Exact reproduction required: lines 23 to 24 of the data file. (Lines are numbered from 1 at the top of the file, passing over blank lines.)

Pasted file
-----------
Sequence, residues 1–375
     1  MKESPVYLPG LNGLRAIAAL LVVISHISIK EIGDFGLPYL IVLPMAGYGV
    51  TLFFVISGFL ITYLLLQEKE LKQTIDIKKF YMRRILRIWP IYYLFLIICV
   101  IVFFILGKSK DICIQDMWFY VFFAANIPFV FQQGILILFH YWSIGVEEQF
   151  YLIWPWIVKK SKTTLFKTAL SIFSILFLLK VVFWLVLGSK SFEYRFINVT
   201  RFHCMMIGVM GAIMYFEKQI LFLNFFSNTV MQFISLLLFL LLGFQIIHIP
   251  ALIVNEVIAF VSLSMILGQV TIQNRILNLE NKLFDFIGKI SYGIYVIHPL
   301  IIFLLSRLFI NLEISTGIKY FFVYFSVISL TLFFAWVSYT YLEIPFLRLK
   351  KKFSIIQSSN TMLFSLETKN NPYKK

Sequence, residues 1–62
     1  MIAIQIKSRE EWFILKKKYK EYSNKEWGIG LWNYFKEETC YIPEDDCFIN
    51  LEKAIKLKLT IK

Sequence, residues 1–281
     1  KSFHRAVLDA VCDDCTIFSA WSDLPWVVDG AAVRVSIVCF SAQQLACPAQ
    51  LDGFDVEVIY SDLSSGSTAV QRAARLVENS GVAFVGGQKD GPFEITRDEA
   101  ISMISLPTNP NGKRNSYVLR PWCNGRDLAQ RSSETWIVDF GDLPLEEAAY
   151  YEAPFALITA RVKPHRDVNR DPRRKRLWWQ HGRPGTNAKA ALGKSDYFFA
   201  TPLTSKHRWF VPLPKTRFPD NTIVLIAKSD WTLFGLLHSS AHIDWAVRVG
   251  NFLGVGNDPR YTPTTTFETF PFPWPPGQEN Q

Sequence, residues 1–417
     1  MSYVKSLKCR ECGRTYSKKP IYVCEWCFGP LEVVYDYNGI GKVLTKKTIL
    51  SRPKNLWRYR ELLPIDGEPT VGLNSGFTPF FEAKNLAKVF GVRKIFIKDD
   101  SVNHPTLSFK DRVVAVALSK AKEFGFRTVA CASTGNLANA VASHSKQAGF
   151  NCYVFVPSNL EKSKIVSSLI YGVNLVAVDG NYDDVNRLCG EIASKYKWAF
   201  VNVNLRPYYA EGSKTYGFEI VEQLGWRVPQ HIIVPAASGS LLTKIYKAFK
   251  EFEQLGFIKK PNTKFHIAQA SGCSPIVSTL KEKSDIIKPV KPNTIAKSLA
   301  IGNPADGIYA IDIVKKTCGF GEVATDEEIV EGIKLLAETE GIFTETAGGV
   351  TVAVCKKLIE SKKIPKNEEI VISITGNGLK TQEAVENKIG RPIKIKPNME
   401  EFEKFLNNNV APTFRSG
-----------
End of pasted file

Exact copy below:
   101  SVNHPTLSFK DRVVAVALSK AKEFGFRTVA CASTGNLANA VASHSKQAGF
   151  NCYVFVPSNL EKSKIVSSLI YGVNLVAVDG NYDDVNRLCG EIASKYKWAF